Department of Energy Sec. Jennifer Granholm’s summer road trip in an electric vehicle was meant to promote the Biden administration’s green energy agenda.
Instead, it highlighted the risk of transitioning away too quickly from gas-powered cars.
Ms. Granholm’s four-day EV trip this summer through the southeast ran into charging woes for her caravan of three EVs, according to NPR, which was along for the ride. One incident involved a member of her team traveling ahead to reserve a rapid charger by using their gas-powered vehicle to block access for other EVs, infuriating a family to the point that they phoned the police.
“If the Biden administration can’t make it from Charlotte to Memphis without an incident, then how do we expect that all of our non-tactical military fleet is going to get transitioned by the year 2030 without having big issues?” Iowa GOP Sen. Joni Ernst, a member of the Armed Services Committee, told reporters. “This greenie push out there for those electric vehicles — it is not realistic.”
“It is a road to nowhere,” she said.
The Biden administration is pushing to decarbonize the armed services, which has said climate change poses a national security threat. The Army’s “Climate Strategy” plan unveiled last year outlined its desire to reduce emissions by 50% from 2005 levels by 2030 and reach net zero by 2050 with the help of a rapid EV transition to an all-electric non-tactical vehicle fleet by 2035.
Montana Sen. Steve Daines, chair of Senate Republicans’ campaign arm, summed up the administration’s energy policy as “replacing American-made oil and gas with Chinese batteries.”
“It demonstrates just how unrealistic the Democrats’ and this administration’s green hallucination really is,” he said. “We only have one charging station in Montana per 1,700 square miles.”
The Department of Energy declined to address Ms. Granholm’s charging station altercation but touted progress being made on new public chargers from federal and private funds that have reached roughly $24 billion.
“With President Biden’s historic Investing in America agenda, we have over $7 billion to build out convenient and reliable EV charging infrastructure, a portion of which is already awarded to every state, D.C. and Puerto Rico,” a department spokesperson said in a statement. “The private sector is following suit with equally ambitious investments — growing our workforce and keeping money in the pockets of hardworking Americans.”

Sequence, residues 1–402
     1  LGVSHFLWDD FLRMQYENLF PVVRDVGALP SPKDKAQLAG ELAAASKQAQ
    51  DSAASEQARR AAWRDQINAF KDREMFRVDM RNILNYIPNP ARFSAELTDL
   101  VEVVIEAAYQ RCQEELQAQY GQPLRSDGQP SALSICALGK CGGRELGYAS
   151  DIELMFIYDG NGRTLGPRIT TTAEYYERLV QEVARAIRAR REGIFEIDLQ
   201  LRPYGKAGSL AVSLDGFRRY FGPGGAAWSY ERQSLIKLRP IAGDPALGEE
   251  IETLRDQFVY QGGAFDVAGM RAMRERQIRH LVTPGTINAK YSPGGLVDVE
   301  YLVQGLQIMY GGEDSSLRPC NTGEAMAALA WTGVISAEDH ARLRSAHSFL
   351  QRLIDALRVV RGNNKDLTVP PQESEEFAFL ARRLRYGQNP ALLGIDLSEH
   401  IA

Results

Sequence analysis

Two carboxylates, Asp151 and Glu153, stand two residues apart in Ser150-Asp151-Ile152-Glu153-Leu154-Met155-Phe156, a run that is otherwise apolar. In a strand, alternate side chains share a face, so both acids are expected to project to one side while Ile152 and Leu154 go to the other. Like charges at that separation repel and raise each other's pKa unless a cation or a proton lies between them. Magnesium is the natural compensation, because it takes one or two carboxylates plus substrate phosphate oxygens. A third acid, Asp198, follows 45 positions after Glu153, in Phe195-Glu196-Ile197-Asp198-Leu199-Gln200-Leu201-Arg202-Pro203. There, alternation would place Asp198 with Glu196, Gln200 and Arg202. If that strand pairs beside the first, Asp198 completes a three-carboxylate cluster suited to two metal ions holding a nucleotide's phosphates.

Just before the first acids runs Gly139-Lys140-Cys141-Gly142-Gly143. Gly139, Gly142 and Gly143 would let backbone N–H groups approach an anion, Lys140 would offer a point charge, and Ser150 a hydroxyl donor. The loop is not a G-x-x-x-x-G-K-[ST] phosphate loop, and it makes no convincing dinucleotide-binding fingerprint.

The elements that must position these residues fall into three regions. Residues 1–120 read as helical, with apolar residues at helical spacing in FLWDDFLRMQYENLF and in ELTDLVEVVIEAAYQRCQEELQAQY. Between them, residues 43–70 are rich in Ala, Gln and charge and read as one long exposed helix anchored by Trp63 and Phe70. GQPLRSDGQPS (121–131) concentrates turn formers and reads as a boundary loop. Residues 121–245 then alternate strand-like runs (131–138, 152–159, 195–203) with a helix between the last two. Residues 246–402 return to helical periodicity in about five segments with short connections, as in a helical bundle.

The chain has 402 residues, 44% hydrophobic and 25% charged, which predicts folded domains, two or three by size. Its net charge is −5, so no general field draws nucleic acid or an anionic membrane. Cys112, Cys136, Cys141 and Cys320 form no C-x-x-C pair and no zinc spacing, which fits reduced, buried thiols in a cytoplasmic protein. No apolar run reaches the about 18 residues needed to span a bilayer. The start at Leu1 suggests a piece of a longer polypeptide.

Ms. Granholm’s 770-mile trip was from Charlotte, North Carolina, to Memphis, Tennessee. The EVs traveling with her featured a Cadillac Lyriq, Ford F-150 Lightning and Chevy Bolt, all of which require more than two full charges to make the trek.
As she prepared to utilize a fast charger in a suburb of Augusta, NPR reported that an Energy Department staffer used a gas-powered vehicle to block access before Ms. Granholm’s arrival. A family with an EV who had a child in the car on a hot summer day was prevented from using it, resulting in the family calling the cops. Authorities were unable to do anything because it was not against the law for a non-EV to use the spot.
Ms. Granholm’s staffers sought to remedy the situation by sending other EVs to slower chargers until there were spaces for both the family and the secretary to use the fast chargers.
The administration has proposed a tailpipe emissions rule that would force automakers to slash the sales of new gas-powered cars for EVs to account for up to two-thirds of new sales by 2032. The automotive industry has questioned the feasibility of such a rapid change while industry analysts sound the alarm over the lack of nationwide public chargers.
The California Energy Commission estimates a ratio of seven EVs per public charging port is needed. The U.S. had a ratio of 29 EVs per public charging port at the end of 2022.
Nearly a million new EVs hit the roads last year but there were just 24,600 new chargers, which is 38 new EVs for every new public port, according to the Alliance for Automotive Innovation. President Biden’s goal is to build 500,000 new ports by 2030.